Date: 2/24/18 2:43 am From: RALPH ELDRIDGE <lightrae1...> Subject: [Maine-birds] MACHIAS SEAL ISLAND REPORT
Things have been fairly static since my last report save for two fronts.
First: ALCIDS, primarily RAZORBILLS, have begun to accumulate in the area surrounding the island. No real rafting or large concentrations seen yet but lots of small flocks shifting about.
Second: The SNOWY OWL traffic here this week seems to be a strong indication that, as has been suggested elsewhere, the owls are beginning their northward migration. We've had at least 3 Snowys on the island this week.
The 1st stayed at least 3 days. It was last observed flying towards Grand Manan on Thursday evening.
The 2nd was here for an uncertain period but not more than 12 hours and likely far less. It was last seen as a half consumed carcass being carried away by an EAGLE.
The 3rd Snowy was accidently flushed from among boulders this (Friday) afternoon. At dark it was ground-perched about 200 yards from our living room window where it had been since my disturbance. I thought that it might move off when "our" RAVENS tried to harass it. When the Ravens realized that the owl wasn't at all intimidated and actually might be happy to eat one of them, they took their roadshow elsewhere.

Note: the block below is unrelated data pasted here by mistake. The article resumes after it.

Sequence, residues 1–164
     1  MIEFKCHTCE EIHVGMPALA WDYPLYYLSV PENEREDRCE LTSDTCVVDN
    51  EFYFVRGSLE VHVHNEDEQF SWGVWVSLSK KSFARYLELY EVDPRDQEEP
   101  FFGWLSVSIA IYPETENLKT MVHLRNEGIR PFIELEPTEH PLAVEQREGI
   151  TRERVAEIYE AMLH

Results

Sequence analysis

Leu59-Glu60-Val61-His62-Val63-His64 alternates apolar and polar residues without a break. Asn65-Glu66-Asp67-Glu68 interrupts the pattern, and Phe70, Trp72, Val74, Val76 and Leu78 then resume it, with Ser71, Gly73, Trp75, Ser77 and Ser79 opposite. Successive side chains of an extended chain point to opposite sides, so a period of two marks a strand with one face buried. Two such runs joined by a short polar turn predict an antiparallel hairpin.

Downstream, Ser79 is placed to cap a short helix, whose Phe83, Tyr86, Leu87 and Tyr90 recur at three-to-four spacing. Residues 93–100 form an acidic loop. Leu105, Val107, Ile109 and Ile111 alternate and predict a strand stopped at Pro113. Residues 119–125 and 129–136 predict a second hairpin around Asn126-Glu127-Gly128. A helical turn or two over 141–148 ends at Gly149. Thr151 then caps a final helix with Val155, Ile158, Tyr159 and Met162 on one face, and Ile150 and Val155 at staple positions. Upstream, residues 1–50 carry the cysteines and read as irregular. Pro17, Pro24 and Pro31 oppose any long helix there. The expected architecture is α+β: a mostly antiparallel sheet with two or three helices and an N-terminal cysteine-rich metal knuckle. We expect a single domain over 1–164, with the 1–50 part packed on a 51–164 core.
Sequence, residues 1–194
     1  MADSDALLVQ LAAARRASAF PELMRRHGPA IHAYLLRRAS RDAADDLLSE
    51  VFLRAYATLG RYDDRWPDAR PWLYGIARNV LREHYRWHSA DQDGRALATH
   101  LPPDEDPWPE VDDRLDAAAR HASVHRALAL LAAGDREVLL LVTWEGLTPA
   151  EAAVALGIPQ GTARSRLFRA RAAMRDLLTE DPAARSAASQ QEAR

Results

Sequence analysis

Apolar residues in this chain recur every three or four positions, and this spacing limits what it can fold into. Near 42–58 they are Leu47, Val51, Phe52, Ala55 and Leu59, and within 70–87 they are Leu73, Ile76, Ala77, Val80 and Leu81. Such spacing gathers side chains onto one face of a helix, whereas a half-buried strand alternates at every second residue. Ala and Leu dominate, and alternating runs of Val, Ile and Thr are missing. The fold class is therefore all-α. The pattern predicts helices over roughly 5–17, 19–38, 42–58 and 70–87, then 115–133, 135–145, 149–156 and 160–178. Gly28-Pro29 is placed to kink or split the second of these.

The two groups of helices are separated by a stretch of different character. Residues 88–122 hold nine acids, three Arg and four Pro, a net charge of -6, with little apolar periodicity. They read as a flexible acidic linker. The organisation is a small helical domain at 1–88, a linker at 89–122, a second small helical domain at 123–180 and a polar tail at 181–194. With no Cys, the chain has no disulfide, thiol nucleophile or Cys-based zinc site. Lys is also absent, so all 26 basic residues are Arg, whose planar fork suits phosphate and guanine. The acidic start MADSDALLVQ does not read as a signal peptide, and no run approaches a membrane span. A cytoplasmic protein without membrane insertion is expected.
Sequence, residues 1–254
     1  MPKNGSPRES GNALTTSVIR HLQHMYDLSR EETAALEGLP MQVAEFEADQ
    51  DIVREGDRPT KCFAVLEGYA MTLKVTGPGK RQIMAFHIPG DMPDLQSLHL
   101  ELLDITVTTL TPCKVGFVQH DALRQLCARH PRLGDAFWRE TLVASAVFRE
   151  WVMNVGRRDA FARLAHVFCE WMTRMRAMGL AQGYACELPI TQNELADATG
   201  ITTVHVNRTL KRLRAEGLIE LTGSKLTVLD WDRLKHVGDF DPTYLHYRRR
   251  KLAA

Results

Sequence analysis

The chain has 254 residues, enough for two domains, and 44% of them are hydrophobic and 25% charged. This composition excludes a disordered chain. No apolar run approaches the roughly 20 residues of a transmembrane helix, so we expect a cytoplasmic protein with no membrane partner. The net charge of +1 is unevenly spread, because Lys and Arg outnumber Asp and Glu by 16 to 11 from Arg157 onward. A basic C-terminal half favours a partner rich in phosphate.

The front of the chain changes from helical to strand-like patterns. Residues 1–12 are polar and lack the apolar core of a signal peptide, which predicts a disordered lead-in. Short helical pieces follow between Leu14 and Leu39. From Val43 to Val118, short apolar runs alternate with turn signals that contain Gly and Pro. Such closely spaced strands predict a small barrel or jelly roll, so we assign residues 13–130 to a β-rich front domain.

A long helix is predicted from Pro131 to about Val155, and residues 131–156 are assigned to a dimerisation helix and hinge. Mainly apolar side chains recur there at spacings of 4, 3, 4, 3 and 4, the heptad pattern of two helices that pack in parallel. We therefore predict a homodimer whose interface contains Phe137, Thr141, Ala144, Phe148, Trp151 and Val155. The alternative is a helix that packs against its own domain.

You've hear about Hundred Year Eggs? Not truly aged a century but still they can be several months old and quite an edible delicacy when done correctly. Well it seems that Ravens may have their own version of that Ming Dynasty recipe. Crows and their allies are well known for their penance for hiding food and for their ability to remember and retrieve their hoards. None are better than Ravens but we seldom see both the hiding and recovery. Friday afternoon, after the Ravens abandoned their hazing of the Snowy Owl, both returned to poking around the landscape. One of the Ravens decided to examine a grass clump that I knew contained cached food and I saw it eating what proved to be a Tern egg. The Raven flew off with another whole egg and I found two more in the cache. Now do the math. Terns laid those eggs in early summer. They were abandoned, then found by the Raven & cached in late summer. It's now late February. Those eggs rival any Pidan at 7-8 months old. Yum yummy!!